Thursday, January 19, 2012

Rev Alfred Nicholls

After an association of 55 years with the Baptist witness on the island of Saint Helena the Rev Alfred Nicholls died on July the 7th, 1959, at the age of 90 years.
Alfred was born in Rochester, Kent, on the 17th June, 1869, of a Baptist family. He was the youngest of seven children. At the age of 18 he came to a saving faith in Jesus Christ and thereafter never wavered in his service to the Master.
At the age of 21 years he left with the Royal Garrison Artillery and served with the forces in India, Burma and Jamaica.
From the first day of his arrival on the island of Saint Helena he linked his witness with the Baptist cause and in the long period of this association he served as a deacon, church secretary and, on the departure of the last "imported" pastor from the island, the weight of the pastorate fell on his shoulders. This responsibility he carried with success for twenty years. In recognition of his long and valued service the Baptist Union of South Africa made him an accredited minister of the union at the assembly in 1934. In the same year he was awarded the Order of the British Empire by George V. In 1953 he was honoured with the Queen Elizabeth II Coronation Medal.
Alfred had arrived on Saint Helena as a sergeant later having purchased his release he entered the police and rose to the position of Superintendent of Police on the island. It was on his retirement from this post that he became the self-supporting pastor of the island church. During his long stay on the island Alfred bore a faithful and consistent witness for Christ.
In 1906 he married Miss Caroline Jamieson, an islander born of English parents and for many years their home was a centre of Christian activity in Jamestown.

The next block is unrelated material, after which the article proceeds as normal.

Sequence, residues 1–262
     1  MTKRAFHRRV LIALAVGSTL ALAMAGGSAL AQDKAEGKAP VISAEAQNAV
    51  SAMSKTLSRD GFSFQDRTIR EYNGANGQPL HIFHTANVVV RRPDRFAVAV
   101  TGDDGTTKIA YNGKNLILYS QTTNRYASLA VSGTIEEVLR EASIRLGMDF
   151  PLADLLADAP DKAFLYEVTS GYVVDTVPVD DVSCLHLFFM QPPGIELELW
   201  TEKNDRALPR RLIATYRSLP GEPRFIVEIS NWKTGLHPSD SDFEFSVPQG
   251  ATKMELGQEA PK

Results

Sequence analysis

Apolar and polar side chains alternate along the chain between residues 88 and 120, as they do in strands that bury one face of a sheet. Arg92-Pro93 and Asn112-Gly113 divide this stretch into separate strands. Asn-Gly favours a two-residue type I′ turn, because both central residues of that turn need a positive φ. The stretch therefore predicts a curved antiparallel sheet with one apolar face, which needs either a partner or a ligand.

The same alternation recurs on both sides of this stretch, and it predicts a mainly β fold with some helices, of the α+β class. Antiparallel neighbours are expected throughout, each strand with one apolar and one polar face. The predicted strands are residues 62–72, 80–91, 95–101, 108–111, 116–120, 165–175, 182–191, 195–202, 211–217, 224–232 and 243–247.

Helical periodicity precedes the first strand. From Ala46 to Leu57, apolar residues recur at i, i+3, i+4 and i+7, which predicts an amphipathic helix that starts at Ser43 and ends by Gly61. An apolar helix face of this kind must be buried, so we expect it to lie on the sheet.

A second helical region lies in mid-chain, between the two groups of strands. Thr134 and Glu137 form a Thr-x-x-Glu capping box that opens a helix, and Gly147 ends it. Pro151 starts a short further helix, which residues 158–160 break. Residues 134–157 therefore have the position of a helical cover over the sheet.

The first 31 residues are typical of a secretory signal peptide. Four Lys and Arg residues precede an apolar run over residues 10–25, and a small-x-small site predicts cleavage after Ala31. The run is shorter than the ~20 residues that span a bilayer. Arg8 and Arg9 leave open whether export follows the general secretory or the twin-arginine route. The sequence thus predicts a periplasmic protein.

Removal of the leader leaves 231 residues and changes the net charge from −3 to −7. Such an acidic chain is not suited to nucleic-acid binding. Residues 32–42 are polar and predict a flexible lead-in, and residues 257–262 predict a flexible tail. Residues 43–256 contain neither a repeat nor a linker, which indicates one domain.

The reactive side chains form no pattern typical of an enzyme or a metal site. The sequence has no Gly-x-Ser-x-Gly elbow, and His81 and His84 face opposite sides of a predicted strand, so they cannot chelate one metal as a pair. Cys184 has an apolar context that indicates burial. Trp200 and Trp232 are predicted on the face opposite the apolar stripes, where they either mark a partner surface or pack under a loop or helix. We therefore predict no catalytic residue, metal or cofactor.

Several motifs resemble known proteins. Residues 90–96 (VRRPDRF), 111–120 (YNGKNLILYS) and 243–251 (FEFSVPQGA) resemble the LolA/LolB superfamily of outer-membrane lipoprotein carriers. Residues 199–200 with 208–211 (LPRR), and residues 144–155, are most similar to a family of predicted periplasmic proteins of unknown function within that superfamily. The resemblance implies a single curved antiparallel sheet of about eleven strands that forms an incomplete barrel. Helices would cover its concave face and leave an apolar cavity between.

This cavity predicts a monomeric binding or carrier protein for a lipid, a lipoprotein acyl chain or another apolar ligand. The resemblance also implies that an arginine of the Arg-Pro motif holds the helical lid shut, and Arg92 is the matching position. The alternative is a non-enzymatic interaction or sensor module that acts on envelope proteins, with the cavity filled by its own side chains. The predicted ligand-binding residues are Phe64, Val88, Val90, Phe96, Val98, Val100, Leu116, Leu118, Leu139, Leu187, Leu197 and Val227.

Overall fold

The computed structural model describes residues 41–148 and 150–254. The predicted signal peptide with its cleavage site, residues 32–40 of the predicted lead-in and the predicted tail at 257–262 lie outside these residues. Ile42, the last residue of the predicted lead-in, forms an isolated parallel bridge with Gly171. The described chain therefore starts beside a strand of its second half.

An unfortunate schism in the church in 1938 was the cause of much sorrow to Alfred and for twenty years he was virtually an "outsider", but happily, in 1957 this breach was healed and the Rev Alfred Nicholls once more found happy fellowship with his own people.
Written by: Syd Hudson-Reed


  1. Unfortunately none of his children and descendants are/were associated with the Baptist church, perhaps because of the "schism" of 1938, which followed the removal of about 20 names for "Russellite Heresy" (Jehovah's Witnesses). It was during Mr Nicholls' tenure in 1925, a couple arrived bearing a letter of introduction signed by "Rev" Russell commending them as "qualified Bible Teachers". Poor old Nicholls, stretched to the limit with 5 congregations, readily accepted their help, not realising they were JW heretics, and so the poison entered the Baptist church. Upon Rev. Ralph Merrithew's (a Southern Baptist Pastor, with his own support) arrival in 1937, he took steps to remove the Russellite members, and I believe that this precipitated the "schism" between Nicholls and Merrithew, resulting in Nicholls' expulsion. We lost 2 congregations to the JWs (Arno's Vale chapel in Levelwood, and Bethel chapel in Longwood) and the island now boasts the world's highest proportion of JW members and associates (about 1 in 30 islanders). That was the real "schism" which Rev Wilfred Edmunds overlooked in his 1957 "An Isolated Family".

  2. Very interesting. Is it me or does the island of Saint Helena attract history to itself like moth to the flame?